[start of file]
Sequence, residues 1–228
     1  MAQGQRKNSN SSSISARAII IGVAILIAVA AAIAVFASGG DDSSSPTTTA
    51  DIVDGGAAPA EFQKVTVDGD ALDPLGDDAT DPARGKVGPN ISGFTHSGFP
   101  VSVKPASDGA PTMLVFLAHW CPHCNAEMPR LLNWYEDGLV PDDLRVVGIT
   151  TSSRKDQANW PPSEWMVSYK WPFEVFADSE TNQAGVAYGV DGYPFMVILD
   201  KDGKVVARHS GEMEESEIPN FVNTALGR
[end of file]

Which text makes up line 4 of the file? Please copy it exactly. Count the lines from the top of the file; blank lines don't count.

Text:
   101  VSVKPASDGA PTMLVFLAHW CPHCNAEMPR LLNWYEDGLV PDDLRVVGIT